The death of three "at risk" native birds in a Tauranga colony is devastating and suspected to be the result of foul play by idiots, a local biologist says.

Ian McLean, a professional Ornithologist, had monitored the small colony of White-fronted Tern on the Turret Rd bridge for the past five years and suspected the birds had been killed when he discovered them dead last Friday.

"It's just abominable. I had a very sleepless night."

The flock had made the wooden trestles under the bridge their home for a number of years with people coming from all over the country to photograph them, Mr McLean said.


"This is not just any tern population. It is the most accessible tern population in New Zealand."

The accessibility had been an attraction for the colony but Mr McLean suspected it may have led to the death of three of their mating adults.

"In the five years I've been monitoring them I've only ever seen one dead ... All of a sudden you get three birds at once.

"Those birds were very healthy, they've just finished egg laying."

He suspected they had been targeted by people throwing rocks, as he had seen the same sort of behaviour from people at a Rotorua lake recently.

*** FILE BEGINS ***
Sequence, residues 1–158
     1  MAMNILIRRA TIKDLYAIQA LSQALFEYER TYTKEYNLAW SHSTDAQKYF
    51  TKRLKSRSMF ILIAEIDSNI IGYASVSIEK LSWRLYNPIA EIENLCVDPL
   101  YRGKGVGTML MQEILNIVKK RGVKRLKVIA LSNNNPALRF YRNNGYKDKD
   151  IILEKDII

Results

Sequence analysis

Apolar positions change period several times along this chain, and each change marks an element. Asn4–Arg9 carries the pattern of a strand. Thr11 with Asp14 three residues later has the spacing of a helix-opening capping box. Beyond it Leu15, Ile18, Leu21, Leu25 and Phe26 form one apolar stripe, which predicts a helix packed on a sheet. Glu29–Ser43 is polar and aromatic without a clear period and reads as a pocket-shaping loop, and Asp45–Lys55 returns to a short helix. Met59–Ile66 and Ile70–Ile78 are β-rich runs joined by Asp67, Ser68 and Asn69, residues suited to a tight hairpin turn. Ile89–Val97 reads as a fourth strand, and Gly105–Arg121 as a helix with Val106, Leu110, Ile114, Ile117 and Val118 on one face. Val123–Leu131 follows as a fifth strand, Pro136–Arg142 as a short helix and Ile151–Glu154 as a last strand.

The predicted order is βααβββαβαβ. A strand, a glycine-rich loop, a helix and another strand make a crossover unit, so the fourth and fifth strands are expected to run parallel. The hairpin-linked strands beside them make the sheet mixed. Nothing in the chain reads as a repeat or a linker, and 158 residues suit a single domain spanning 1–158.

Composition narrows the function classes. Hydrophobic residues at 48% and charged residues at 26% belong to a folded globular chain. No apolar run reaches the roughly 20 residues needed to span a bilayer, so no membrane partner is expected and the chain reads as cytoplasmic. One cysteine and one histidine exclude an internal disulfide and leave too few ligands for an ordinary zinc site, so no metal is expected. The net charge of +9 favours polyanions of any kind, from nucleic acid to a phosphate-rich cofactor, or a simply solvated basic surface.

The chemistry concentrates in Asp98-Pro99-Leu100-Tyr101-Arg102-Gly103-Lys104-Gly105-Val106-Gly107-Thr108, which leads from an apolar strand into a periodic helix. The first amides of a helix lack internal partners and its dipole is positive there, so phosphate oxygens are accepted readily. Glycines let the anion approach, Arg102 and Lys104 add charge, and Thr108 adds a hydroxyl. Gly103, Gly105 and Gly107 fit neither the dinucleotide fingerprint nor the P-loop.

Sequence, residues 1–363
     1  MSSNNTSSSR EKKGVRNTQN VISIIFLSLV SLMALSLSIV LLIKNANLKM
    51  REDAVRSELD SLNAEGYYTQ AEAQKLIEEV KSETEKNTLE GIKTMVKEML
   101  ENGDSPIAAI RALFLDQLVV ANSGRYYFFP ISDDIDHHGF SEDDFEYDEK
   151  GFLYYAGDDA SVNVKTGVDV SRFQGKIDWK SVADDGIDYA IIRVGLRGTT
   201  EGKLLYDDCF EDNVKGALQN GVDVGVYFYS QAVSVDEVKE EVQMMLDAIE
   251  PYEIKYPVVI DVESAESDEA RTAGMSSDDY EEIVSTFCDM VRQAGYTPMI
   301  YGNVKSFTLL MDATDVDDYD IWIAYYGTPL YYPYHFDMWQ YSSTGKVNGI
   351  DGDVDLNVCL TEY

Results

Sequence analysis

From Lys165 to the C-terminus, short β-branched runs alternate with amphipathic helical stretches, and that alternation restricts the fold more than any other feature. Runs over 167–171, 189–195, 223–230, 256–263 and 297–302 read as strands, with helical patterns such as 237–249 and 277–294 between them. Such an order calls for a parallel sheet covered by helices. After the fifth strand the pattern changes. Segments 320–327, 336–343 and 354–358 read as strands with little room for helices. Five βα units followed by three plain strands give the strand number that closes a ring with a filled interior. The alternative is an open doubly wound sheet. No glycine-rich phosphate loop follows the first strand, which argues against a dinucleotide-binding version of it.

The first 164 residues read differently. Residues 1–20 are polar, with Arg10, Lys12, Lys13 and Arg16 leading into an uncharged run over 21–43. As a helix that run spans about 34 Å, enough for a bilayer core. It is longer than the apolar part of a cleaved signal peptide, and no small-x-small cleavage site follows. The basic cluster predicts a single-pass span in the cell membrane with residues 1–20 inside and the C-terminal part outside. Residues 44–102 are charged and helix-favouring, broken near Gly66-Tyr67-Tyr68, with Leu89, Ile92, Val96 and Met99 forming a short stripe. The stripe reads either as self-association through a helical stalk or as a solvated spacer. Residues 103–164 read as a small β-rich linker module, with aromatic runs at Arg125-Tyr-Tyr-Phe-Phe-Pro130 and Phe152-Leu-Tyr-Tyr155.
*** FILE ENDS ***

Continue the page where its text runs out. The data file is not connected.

The death of the three terns came at a similar time to 30 little blue penguins being killed near Dunedin.

The NZ Herald reported that rangers and animal control were on the hunt for a mystery killer after 21 bodies were recovered from the rocky coast at Doctors Point on Saturday, another seven on Sunday and two on Tuesday.

Jason Blair from Tauranga SPCA was not aware of the death of the birds but said they had received calls time to time of people throwing things at birds.


"People throwing rocks and what not or luring seagulls into the path of cars with bread.

"It's mindlessness really ... Other people are just silly and not thinking about it."

He said the SPCA had noticed a "disturbing trend of recreational cruelty" growing on social media such as Facebook and YouTube where people were sharing videos of animal cruelty.

White-fronted Terns
• New Zealand status: Native
• Conservation status: Declining
• Most common tern on the New Zealand coastline
• Mainly a marine species that is seldom found far from the coast.
• The name "white-fronted" refers to the "frons" or forehead, where a thin strip of white separates the black cap from the black bill.NZ Birds Online